Currently pursuing an undergraduate degree in computer science with an expected graduation date in the Fall of 2023, Rosemary hopes to build an exciting user experience career in the human-computer interaction industry.
What do you hope to bring back to academic life from Cadence? How not to complicate problem-solving!
How has being a GEM Fellow impacted you? Meeting new people and the resolve to continue to graduate studies.
Why did you decide to intern at Cadence? I decided to intern at Cadence after my interview with my current mentor (supervisor). The first impression was awesome!
Carlos Ayala Bellido, Stanford University
Beginning a new chapter at Stanford University this fall, Carlos will be propelling himself toward a Master’s of Science in computational and mathematical engineering, planning to graduate in 2024. He is excited to take with him a deeper understanding of corporate culture and a new facet of experience that can be applied, wholeheartedly, during his upcoming academic tenure and beyond.
What has been the most exciting part of your internship at Cadence? The most exciting part of my internship at Cadence is challenging myself by learning a new language and a new type of programming style. The work I’ve done with SystemVerilog and scripting is not something I have really ever done in the past, and it’s taken work to get adjusted to it. For that same reason, it’s been exciting because it means I’m trying out new things and working towards new skills, especially knowing that this all culminates in work towards a project which could improve the quality of certain Cadence products.
What are your plans post-graduation? After graduation, I plan to take a break from education for a bit and work on my software engineering career, potentially going into product management once I feel like I have sufficient experience. I would like to consider pursuing another Master’s degree or even a PhD, but I want to at least get the chance to explore my options and how I feel about industry work before considering academia.
How has being a GEM Fellow impacted you? Being a GEM Fellow has greatly impacted me because, prior to that, I had not considered graduate studies as an option. Even as I applied to some graduate programs in the fall, I did so more out of a promise to myself to see what my options could be rather than what I realistically had access to. Graduate studies were financially out of my reach, so to hear that I would be a GEM Fellow suddenly made me realize I could consider these schools and pushed me towards my decision to place my full-time career on hold.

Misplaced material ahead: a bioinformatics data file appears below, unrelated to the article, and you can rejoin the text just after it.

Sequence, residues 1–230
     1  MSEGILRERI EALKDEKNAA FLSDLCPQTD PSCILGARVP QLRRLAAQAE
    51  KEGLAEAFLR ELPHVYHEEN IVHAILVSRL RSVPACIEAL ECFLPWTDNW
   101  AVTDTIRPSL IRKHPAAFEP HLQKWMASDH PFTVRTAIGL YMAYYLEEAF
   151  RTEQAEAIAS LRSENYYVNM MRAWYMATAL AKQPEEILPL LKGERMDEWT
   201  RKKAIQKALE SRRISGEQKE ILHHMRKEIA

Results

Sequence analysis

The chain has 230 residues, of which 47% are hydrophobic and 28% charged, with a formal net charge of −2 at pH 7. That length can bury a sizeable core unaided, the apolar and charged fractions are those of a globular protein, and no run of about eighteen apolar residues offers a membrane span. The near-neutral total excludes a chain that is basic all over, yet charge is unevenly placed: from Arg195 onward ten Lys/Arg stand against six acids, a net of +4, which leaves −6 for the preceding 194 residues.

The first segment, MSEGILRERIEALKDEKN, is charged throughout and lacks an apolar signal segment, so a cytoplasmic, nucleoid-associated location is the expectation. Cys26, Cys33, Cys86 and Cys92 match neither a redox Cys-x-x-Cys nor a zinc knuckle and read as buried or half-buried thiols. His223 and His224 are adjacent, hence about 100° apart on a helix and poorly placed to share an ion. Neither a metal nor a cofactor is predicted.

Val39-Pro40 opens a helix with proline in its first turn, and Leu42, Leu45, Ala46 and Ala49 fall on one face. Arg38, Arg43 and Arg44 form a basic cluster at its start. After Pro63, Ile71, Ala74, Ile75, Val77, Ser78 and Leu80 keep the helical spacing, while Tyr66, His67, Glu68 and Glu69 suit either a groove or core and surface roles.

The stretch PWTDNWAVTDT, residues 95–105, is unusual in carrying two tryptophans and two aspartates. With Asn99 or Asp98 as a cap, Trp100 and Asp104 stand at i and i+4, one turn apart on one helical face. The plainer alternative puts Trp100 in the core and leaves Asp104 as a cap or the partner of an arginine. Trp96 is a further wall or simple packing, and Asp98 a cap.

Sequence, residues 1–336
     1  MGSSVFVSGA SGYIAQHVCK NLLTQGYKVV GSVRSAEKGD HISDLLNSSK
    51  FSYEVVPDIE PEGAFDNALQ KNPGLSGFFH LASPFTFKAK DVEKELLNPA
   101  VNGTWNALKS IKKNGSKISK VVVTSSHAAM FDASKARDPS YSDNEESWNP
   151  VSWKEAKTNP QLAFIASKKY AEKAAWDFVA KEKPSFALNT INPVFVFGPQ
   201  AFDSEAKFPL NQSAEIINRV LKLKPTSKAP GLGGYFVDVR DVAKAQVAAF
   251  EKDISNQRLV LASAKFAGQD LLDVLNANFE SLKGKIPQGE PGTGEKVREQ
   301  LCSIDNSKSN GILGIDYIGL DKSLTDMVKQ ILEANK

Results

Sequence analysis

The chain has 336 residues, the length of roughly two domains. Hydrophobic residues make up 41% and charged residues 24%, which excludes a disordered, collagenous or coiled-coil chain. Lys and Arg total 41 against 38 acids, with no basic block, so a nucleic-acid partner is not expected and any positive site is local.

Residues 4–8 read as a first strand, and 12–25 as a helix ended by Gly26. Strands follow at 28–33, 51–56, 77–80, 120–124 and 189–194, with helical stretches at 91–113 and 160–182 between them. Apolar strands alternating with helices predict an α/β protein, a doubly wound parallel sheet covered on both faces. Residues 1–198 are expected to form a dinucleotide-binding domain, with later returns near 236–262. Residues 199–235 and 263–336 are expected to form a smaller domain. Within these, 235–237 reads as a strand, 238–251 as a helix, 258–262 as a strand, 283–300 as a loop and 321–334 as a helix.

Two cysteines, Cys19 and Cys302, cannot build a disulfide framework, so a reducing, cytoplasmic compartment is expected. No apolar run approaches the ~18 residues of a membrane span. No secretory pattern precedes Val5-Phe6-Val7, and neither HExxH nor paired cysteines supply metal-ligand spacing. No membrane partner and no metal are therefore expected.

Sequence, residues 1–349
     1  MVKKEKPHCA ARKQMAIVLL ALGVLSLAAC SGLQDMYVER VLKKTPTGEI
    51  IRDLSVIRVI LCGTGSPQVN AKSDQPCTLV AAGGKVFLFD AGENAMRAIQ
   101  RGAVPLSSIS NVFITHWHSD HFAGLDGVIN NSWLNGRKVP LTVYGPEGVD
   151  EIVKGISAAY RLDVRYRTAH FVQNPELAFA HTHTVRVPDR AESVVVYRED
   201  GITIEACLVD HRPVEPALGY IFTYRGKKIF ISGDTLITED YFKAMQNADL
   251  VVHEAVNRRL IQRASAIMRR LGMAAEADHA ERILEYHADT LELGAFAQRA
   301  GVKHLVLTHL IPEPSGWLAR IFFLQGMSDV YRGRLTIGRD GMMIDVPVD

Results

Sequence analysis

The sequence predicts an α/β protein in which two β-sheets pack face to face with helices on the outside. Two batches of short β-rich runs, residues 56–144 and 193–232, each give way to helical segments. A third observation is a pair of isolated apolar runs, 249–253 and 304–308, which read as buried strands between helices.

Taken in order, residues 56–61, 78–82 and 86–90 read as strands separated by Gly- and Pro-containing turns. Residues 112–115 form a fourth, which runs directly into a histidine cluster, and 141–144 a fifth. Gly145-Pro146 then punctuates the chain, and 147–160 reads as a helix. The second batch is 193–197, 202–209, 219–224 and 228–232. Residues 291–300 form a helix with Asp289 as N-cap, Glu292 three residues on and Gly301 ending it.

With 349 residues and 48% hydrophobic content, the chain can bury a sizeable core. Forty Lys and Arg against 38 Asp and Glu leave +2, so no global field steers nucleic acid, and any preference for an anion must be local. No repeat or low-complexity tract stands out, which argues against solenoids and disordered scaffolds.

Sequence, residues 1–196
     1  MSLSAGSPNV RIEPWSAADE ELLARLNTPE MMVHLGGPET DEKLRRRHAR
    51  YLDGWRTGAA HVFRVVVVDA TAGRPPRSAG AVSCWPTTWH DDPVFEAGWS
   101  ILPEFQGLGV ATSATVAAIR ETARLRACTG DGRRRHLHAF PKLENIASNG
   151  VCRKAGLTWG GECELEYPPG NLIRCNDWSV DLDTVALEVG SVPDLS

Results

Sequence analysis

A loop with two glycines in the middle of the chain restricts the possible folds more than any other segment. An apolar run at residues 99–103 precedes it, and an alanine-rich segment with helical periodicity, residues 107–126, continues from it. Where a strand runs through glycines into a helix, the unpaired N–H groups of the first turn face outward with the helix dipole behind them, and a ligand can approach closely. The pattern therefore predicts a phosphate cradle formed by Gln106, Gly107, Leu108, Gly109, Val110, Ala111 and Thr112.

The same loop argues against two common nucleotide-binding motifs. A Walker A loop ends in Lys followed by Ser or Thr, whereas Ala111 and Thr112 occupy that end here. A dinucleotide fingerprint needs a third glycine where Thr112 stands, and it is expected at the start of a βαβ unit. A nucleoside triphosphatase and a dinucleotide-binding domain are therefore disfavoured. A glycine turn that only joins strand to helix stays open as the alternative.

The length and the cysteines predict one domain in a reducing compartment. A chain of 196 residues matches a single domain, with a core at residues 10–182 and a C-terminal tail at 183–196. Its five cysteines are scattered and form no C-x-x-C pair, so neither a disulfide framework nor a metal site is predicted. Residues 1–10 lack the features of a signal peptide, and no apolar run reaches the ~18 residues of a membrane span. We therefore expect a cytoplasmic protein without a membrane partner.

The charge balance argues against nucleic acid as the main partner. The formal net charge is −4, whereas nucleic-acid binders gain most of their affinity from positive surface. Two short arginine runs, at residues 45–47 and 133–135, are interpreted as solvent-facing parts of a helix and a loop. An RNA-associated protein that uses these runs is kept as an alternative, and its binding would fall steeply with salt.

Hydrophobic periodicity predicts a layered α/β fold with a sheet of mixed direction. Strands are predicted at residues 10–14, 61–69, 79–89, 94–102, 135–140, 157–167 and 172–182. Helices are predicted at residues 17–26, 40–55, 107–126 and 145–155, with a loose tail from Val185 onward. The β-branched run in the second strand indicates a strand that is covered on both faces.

Euler Valdiviseo, The Ohio State University
Targeting a 2027 graduation, Euler will enter his PhD program in electrical engineering at The Ohio State University this Fall. Post-graduation, Euler is motivated to join a company like Cadence where he can develop technologies that improve quality of life and help those who need it the most.
How has being a GEM Fellow impacted you? The GEM Scholarship Program has allowed me to gain valuable work experience and skills through my internship at Cadence. It has also provided me with an academic year fellowship, which will allow me to afford my education. Receiving the GEM scholarship told me that I am seen as someone who has the ability to contribute to the future of our society. It brought me one step closer to achieving my goals. Why did you decide to intern at Cadence? I decided to intern at Cadence because it is a pivotal leader in electronic system design, which is an interest of mine. I was very excited to work in a company whose customers are the world’s most innovative companies, delivering fascinating electronic products to different markets, such as automotive and aerospace.
What has been the most exciting part of your internship at Cadence?The most exciting part of my internship at Cadence has been learning new things, such as implementing a design with the RTL-to-GDSII flow and functional safety. In addition, it has been fascinating to be able to work with people who have the same goal as I do, which is to be able to help develop technologies that will help society.